Press Release: CA Community Solar Bill Passes Out of Senate Approps
CA Lawmakers Must Act This Month or State Risks Being Left Behind in the New National Push to Expand Affordable Clean Energy Access
AB 2316 (Ward) enables California to access upcoming federal incentives to expand clean energy access and electric bill savings for millions while building the power grid’s resistance to blackouts and avoiding ratepayer costs
(Sacramento, CA) — Clean energy leaders along with ratepayer and environmental justice advocates are urging state lawmakers and Governor Newsom to establish a community solar plus storage program and boost program benefits to frontline communities through a $1 billion state investment. With lawmakers concluding their business this month, inaction means California risks being left behind in a national push to boost affordable, reliable clean energy access among working families through community solar plus storage.
The Biden Administration is deploying community solar to generate $1 billion in annual utility bill savings in a pilot program benefitting 4.5 million low and middle-income households. The federal Inflation Reduction Act, awaiting a final vote in the House of Representatives on Friday, includes new incentives for community solar projects with storage benefiting low-moderate income families and paying prevailing wages.
“While California has led the nation in the solar energy market, it doesn’t have a viable community solar plus storage program and risks being cast aside as other states deploy and benefit from this proven, cost-effective, and scalable solution for equitable, affordable clean energy growth,” wrote 22 clean energy CEOs in a letter sent to Governor Newsom this week. “California now has a choice: lead the nation on community solar plus storage projects that achieve the state’s ambitious climate goals — or continue to fall further behind several other states using this tool to meet their clean energy affordability and reliability needs.”
AB 2316 would create a community renewable energy program, such as community solar plus storage. Following today’s passage from the Senate Appropriations Committee, it faces two final votes on the floors of the California State Senate and Assembly. The bill:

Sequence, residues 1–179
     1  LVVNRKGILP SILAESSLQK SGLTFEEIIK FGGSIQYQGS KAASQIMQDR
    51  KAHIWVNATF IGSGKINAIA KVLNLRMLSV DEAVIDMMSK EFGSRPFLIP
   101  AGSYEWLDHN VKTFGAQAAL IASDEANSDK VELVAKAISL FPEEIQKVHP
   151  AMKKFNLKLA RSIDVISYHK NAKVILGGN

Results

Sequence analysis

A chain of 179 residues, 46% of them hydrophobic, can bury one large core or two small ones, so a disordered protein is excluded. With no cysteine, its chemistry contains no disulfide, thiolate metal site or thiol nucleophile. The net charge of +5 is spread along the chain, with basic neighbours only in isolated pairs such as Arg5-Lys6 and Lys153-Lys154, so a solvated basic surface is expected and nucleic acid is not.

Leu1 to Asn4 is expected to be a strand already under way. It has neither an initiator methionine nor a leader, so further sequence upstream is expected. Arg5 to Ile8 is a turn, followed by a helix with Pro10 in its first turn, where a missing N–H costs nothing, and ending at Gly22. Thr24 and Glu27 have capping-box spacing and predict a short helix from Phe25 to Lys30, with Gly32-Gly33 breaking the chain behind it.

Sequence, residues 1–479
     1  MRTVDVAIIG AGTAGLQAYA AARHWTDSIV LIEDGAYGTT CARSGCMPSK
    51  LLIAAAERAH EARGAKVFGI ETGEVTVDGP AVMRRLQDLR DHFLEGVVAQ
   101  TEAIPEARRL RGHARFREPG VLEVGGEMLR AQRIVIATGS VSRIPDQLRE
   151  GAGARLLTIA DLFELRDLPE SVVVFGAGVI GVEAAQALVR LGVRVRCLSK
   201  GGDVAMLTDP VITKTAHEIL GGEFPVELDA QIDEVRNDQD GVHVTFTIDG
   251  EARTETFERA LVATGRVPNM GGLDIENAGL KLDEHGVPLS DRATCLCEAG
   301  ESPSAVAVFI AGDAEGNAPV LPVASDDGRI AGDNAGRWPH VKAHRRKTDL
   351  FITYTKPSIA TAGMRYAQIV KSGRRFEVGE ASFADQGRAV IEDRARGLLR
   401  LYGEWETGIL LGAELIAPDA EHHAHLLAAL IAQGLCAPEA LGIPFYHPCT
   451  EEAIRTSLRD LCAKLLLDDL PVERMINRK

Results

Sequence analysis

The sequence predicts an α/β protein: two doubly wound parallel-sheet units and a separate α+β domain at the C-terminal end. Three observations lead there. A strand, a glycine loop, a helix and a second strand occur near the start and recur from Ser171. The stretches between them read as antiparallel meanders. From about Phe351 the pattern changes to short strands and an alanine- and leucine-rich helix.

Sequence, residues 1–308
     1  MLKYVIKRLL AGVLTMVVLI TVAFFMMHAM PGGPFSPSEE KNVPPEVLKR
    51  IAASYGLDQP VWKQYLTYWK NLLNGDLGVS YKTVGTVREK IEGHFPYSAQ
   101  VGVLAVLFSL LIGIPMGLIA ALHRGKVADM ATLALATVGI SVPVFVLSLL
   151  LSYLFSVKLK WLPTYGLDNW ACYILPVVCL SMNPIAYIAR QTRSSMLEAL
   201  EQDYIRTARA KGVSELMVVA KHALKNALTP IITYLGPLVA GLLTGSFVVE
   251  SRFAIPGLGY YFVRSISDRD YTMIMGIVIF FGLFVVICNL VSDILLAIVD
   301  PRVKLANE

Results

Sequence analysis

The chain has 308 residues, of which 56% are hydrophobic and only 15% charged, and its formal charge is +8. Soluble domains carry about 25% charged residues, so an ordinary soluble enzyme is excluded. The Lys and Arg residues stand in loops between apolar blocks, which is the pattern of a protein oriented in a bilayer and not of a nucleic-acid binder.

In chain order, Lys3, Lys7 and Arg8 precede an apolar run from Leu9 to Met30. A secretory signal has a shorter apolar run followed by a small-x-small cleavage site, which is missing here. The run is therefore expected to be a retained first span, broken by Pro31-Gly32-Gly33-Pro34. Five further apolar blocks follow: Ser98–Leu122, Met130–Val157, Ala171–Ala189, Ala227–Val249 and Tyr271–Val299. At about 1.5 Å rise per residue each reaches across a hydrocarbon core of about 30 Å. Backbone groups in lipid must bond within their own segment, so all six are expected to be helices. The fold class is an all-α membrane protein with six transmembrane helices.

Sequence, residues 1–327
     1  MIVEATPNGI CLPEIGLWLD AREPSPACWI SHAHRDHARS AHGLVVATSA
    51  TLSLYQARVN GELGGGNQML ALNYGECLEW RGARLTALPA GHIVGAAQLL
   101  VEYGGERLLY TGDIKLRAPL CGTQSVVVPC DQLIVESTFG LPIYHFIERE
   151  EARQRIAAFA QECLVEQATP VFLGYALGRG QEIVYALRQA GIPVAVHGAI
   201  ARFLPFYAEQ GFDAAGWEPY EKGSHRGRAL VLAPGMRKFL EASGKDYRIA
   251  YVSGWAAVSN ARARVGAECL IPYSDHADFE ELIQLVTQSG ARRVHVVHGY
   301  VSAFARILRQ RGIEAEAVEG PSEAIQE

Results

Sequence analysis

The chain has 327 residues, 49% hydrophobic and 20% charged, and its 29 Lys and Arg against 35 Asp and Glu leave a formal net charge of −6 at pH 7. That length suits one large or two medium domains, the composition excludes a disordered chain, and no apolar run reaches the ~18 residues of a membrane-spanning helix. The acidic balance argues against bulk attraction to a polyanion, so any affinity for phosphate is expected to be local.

Gives renters, nearly half of Californians and predominantly people of color, access to clean energy and lower electricity bills
Builds the reliability of California’s power grid through linking storage with community solar
Ensures at least 51% of subscribers are low income customers, triggering at least a 40% federal tax credit on solar panels under the Inflation Reduction Act
Requires prevailing wages for workers, triggering a 30% federal tax credit for storage installations under the Inflation Reduction Act
Avoids cost transfers to non-participants.
“As we transition to a clean energy future, we must put frontline communities most harmed by pollution front and center. The nation is readying a massive investment to close the clean energy gap and California must act now to be a part of the change ahead,” said Alexis Sutterman, Energy Equity Program Manager at the California Environmental Justice Alliance. “AB 2316 ensures California will be eligible for billions in new federal funds to lower energy bills while expanding clean energy access for families with low incomes. Paired with a $1 billion state budget investment, we can ensure frontline communities can lead and meaningfully benefit with increased opportunities for community ownership.”
“The federal climate bill is set to provide billions in new incentives and tax credits for community solar plus storage projects, especially those that serve low-income families. If California’s leaders act now on this bill, our state can benefit from those federal funds, which is huge,” said Susannah Churchill, Deputy Program Director, West at Vote Solar. “Californians are struggling with high energy and housing costs. Community solar can put money back in their pockets while also fighting climate change and building a more reliable grid, and now we can access federal funds to supercharge this opportunity.”
Community solar projects are smaller scale installations typically built on landfills, former industrial sites, or private land. Customers can sign up as subscribers and, in turn, receive credits on their electricity bills based on their share of the project’s generation. It is a proven solution for enabling broader clean energy access among families and small businesses, regardless of whether they rent or own property. When paired with energy storage, projects enhance power grid reliability through providing power after the sun sets.
Community solar is taking root in a third of states, and growing. Across the country community solar generates over 4.4 gigawatts of power, which is enough energy to power nearly 800,000 homes. In a few short years, New York State became the nation’s community solar leader with capacity to power 200,000 homes. Community solar is expected to generate 70% of progress towards New York’s goal to power 700,000 new homes with distributive solar by 2030 with at least 35% of benefits going to disadvantaged communities and low/moderate income families.